The World in 2013 – Prospects and Pitfalls February 14, 2013Posted by Ishmael Chibvuri in Latest Articles!!!.
Scan the forecasts of the world’s mainstream economists and you can’t help but feel guardedly optimistic about the year ahead. Global economic growth is expected to average around 2.5%, with some upside potential if things go well. The USA, still the world’s largest economy, should grow by around 2%; Europe might get into positive figures, and China could hit 8% if the final quarter growth of 2012 is carried into 2013.
In South Africa we can expect the economy to expand by around 2.8%, which is not great but neither is it a train wreck. Are these signs, almost six years later, that the “Great Recession” is finally behind us? Perhaps, but it may be a bit soon to be cracking open the Dom Perignon. While there are reasons to be hopeful there are also a number of potential nasties lurking in the wings.
On the positive side, the actions of the European Central Bank seem to have averted the collapse of the euro. Certain of the peripheral European economies are still weak, with major unemployment issues, but green shoots of hope are emerging.
For example, problem children Spain, Portugal and Ireland have shown higher growth in exports than Germany since 2011, and have significantly reduced their balance of payment deficits. Even Greece has reduced its deficit to 3.5% of GDP, down from 15% in 2008. Bond rates have also fallen in Spain and Ireland, allowing these previously beleaguered economies to borrow more cheaply. Most importantly, despite rumblings from the German people, Germany seems firmly committed to holding the EU together.
In America Obama starts his second term in office, unencumbered now by concerns over re-election. The fiscal cliff has been avoided, constraints imposed by global oil supplies are receding due to the development of shale resources in the US, and improved economic growth is in sight. And China, the world’s number two economy, seems set for a period of stable GDP growth of around 7.5% to 8% per annum.
Unfortunately, Murphy’s Law reminds us that if things can go wrong they more than likely will. While this is unduly pessimistic, there are undoubtedly a number of issues that could put a spoke in the wheel of the global economic recovery. Let’s consider the potential pitfalls on a country-by-country basis:
Perhaps the biggest potential threat to growth in America this year relates to issues around its debt situation. As things stand, America is going to bump up against its debt ceiling sometime in the first quarter of 2013. The debt ceiling refers to the maximum amount that the USA can borrow at any time, and currently stands at $16.394 trillion. The problem is that American spending is out of hand, yet the needs are such that the current administration must shortly convince Congress to raise the debt ceiling again.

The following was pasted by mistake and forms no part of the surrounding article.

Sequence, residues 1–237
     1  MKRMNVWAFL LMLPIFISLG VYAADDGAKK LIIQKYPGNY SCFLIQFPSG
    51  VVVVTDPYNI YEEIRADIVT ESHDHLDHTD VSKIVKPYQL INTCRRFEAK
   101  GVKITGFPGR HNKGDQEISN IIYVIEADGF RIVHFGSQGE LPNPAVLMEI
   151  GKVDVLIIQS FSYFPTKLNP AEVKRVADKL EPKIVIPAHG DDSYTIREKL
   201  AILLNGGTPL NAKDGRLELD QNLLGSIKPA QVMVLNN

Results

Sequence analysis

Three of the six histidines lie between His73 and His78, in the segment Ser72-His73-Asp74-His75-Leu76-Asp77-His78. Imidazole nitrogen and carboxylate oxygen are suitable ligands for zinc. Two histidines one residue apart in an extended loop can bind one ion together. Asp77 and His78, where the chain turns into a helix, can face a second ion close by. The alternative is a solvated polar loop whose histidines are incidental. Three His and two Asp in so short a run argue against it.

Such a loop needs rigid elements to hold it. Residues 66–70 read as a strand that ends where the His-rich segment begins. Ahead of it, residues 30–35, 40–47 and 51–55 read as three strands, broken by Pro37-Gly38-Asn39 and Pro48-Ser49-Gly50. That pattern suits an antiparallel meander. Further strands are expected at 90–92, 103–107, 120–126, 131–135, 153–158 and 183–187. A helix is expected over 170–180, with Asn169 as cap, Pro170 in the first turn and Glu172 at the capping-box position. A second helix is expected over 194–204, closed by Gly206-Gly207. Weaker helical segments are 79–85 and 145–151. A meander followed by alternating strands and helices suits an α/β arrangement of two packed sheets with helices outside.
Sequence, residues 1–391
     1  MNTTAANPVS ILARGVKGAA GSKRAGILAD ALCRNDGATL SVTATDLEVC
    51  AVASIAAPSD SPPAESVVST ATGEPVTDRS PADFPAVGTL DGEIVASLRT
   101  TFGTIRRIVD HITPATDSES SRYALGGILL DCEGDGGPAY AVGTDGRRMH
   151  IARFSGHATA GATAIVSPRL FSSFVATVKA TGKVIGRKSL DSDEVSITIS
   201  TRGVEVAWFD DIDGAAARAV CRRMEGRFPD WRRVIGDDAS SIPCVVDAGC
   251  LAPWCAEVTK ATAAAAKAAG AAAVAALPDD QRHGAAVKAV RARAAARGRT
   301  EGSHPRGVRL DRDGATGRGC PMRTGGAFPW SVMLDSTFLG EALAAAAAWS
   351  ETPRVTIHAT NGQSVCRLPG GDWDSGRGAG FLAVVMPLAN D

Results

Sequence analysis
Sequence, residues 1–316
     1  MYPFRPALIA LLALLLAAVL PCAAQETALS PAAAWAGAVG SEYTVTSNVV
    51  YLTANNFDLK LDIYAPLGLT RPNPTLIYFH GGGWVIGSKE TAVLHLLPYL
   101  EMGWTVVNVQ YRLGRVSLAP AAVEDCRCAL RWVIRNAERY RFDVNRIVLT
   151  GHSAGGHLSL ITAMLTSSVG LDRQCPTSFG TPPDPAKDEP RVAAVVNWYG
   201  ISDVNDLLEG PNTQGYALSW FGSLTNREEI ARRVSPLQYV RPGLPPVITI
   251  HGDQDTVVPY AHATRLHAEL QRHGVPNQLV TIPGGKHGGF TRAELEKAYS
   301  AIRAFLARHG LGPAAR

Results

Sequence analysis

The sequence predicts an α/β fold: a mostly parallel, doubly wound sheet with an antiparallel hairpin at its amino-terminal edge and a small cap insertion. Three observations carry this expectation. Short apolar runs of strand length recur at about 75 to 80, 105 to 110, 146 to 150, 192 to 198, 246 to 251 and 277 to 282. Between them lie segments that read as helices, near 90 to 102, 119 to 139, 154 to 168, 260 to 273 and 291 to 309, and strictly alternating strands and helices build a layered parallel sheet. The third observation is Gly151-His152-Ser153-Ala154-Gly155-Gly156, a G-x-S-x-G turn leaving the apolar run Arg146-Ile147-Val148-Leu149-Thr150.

To illustrate the extent of the problem, when the debt ceiling issue raised its head early in 2011 Congress signed off on a $2.4 trillion increase in the borrowing level. Attached to this deal was an agreement that certain tax concessions would be phased out, other taxes would rise, and government spending would be slashed. This had to happen at the beginning of 2013, thereby giving rise to the “fiscal cliff” problem at the end of 2012.
By the end of 2012 it became clear that the agreed measures would have a disastrous effect on America’s economy, knocking an expected 4 percentage points off 2013 growth and plunging the country back into recession. And so Obama needed Congress to agree to a greatly watered-down version of the original agreement. As we now know an eleventh-hour deal saw a slight increase in taxes, and a deferral of the spending cuts for a further two months. But a problem deferred is not a problem solved, hence the increasing concerns over the debt ceiling negotiations.
The fact that America managed to spend $2.4 trillion in less than two years is worrying a lot of people, particularly the Republicans in Congress. Any increase in the debt ceiling is therefore bound to be tied in to tough agreements on near and long-term spending. The nature of these agreements will significantly impact America’s economic growth this year; the more they impose spending cuts, the greater the “fiscal drag” and the lower the economic growth in 2013.
There is however a larger issue at stake. In recent years the world has watched with growing unease as America’s debt levels have burgeoned. Based on present forecast levels of GDP growth, the expected increase in the debt ceiling will allow the USA to maintain its debt to GDP ratio at stable levels for the next six years or so. This is reassuring to those who are going to lend to the US in the future, as it suggests stability and the likelihood that the debt will be repaid.